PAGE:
Will these new products be the growth drivers?
We have to drive new initiatives to drive growth. Ultimately, the consumer will judge whether it will be a success or not. We will have some big-ticket items as well as a few others that will support the overall journey of our brands.
Is Saffola rice a big-ticket item?
Well, rice is a big category. We have to ensure we get the right traction.
Some edible players have started branding and even acquiring plantations. Do you see them as a threat?
I don’t think a business can make money by buying plantations.
Some of them are also eyeing the concept of branding mustard oil.
We are not interested in this because the margin in mustard oil is not attractive enough. We have to differentiate. The overall margins of the edible oil business in those segments are very low; the gross margins are about 5%. We want to be in value-added business. That’s why Saffola caters to the health aspect and heart aspect.
Indeed the brands give the pricing power but ultimately it depends on commodity prices—kardi and saff oil seeds.
I have the brands and most of them are market leaders. So, we have some pricing power. While other brands enjoy gross margins of 5%, we have margins in multiples of 5%. That gives us an absorption capacity. We also have a sourcing strategy. We have teams that visit the crop growing areas. We do a lot of work with farmers to ensure that the crops that are sown and harvested come to us.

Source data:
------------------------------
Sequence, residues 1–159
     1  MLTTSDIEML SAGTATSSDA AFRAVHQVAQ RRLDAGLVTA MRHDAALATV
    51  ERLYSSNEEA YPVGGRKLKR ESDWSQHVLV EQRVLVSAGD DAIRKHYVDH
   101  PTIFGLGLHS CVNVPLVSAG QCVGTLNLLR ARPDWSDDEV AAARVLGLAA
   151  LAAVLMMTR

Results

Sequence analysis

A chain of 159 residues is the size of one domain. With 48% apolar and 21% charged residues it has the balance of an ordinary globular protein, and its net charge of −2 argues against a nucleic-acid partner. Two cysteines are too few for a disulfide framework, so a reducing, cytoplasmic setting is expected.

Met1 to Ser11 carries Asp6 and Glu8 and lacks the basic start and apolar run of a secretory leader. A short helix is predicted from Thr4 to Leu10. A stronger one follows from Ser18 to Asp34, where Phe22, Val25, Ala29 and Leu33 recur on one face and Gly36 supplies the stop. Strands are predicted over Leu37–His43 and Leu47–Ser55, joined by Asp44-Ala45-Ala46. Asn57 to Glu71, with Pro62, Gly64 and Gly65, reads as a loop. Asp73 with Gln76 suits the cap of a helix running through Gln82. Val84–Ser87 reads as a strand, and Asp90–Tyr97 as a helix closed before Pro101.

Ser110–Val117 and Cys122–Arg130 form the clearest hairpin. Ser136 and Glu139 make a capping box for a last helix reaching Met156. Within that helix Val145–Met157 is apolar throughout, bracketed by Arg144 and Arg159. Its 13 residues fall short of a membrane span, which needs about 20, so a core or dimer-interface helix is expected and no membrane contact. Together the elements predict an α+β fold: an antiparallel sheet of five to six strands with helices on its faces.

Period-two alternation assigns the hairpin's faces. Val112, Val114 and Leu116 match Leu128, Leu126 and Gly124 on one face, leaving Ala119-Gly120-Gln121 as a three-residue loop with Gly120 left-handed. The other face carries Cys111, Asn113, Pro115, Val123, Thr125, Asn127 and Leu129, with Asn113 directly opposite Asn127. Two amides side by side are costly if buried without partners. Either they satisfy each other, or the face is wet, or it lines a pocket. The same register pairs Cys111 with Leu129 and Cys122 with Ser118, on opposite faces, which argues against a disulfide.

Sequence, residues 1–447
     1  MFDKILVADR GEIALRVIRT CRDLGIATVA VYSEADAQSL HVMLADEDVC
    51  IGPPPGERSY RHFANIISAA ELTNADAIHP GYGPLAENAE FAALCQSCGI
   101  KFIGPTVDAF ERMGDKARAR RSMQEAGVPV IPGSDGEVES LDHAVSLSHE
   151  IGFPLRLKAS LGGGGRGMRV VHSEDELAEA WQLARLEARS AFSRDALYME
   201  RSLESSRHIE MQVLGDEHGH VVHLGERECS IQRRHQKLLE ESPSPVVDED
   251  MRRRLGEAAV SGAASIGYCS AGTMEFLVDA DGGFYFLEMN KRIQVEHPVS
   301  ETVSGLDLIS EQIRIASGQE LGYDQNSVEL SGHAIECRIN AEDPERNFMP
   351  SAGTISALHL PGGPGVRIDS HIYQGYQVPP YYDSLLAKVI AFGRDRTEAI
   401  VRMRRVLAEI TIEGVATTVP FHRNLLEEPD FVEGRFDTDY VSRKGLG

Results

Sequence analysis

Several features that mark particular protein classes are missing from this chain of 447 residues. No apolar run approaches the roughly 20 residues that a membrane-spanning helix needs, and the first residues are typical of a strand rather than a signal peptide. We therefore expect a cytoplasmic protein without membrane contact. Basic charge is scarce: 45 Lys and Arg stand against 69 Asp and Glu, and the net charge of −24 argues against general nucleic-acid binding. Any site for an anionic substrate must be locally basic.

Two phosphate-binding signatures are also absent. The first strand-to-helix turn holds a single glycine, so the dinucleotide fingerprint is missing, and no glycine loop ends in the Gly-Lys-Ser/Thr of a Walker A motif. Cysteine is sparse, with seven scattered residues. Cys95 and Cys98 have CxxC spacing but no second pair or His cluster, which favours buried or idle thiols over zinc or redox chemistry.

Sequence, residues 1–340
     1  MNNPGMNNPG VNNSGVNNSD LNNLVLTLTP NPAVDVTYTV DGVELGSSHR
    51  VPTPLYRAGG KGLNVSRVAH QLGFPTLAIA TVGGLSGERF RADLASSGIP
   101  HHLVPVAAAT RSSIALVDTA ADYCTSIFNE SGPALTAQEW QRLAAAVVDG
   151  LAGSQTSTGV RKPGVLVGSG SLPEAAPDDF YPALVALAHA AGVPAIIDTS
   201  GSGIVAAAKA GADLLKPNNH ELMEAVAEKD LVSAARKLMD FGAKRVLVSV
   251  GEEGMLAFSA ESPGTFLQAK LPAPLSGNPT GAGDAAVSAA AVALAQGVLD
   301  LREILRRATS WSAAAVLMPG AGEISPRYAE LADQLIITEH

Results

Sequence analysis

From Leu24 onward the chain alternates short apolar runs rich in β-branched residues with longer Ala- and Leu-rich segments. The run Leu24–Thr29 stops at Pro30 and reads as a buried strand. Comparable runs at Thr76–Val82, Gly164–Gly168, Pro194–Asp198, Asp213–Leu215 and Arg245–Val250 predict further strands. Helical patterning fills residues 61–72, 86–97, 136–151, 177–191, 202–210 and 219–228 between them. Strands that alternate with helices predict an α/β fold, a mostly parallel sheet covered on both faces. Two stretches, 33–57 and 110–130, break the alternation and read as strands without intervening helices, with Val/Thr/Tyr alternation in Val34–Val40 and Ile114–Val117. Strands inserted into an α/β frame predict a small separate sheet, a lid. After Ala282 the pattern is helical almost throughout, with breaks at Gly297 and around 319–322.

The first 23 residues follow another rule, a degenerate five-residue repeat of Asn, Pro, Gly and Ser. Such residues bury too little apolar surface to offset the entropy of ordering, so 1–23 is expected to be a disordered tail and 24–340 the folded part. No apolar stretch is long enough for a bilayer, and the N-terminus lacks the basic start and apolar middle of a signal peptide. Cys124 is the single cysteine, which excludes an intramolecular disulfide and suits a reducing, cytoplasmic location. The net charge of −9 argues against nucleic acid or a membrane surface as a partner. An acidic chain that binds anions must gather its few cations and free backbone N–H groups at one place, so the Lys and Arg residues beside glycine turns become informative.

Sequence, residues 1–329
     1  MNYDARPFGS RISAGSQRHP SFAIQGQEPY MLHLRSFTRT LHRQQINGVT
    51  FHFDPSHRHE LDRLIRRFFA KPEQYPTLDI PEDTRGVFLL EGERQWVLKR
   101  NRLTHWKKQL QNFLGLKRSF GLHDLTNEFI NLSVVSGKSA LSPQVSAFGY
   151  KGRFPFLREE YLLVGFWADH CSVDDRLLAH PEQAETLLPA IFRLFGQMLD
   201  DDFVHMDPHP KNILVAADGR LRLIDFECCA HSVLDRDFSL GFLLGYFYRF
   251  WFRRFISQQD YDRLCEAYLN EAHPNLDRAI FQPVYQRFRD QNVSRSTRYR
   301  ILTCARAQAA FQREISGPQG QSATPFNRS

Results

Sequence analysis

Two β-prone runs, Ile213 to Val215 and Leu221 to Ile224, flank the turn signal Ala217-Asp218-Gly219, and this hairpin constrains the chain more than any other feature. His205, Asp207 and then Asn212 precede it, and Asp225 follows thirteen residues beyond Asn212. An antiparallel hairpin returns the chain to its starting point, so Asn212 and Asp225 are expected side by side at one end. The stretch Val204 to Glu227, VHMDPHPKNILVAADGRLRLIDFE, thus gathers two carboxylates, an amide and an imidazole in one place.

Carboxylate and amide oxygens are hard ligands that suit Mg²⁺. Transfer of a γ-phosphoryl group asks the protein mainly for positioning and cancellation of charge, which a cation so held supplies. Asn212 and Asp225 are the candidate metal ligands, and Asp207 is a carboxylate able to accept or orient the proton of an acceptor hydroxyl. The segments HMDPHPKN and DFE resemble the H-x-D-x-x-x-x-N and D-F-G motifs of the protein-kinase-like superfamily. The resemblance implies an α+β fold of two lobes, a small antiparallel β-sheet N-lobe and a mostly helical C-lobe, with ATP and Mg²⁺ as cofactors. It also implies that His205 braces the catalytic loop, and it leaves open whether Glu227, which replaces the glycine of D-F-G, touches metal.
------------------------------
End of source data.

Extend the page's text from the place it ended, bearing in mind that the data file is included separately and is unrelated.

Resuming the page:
How’s the harvest season for kardi and saff oil seeds?
The crop is better this year than last year. We also imported some kardi oil this year. We compete with exporters for kardi seeds. So the price has gone up to some extent. But we are getting our raw material.
How have Mediker and Nihar brands fared after you acquired them?
Both have done well. Mediker was a brand we acquired from Procter and Gamble (Ltd). It’s positioned for kids as anti-lice and is available in the form of shampoo. We also introduced a oil variant. We doubled our sales after we introduced the variant.
You paid a bomb for Nihar as you wanted to keep others away from acquiring it.
We paid Rs230 crore for Nihar. It’s in a business (that) we know inside out in terms of raw material sourcing and managing the cost structure. After the acquisition, we wrested a lot of benefit from the cost structure. Nihar is a strong brand in the east and it has consistently grown since the time we bought it. Moreover, we were able to consolidate our market share. It has given us fantastic returns.
What about Oil of Malabar?
That was just a tactical buy. It was not as good as Mediker and Nihar, but it has paid back.
Did you approach Hindustan Unilever for Nihar?
I was working with Lever officials for some time on that. I also played some role in convincing them to divest the brand. When it came to selling, they were clear that they would sound out other prospective buyers also.
Indian companies find it difficult to enter Bangladesh. What has been your experience?
We are the largest Indian company in terms of turnover in Bangladesh. Our brand from a zero market share now commands a 70-73% market share.
You made a calculated entry into Egypt.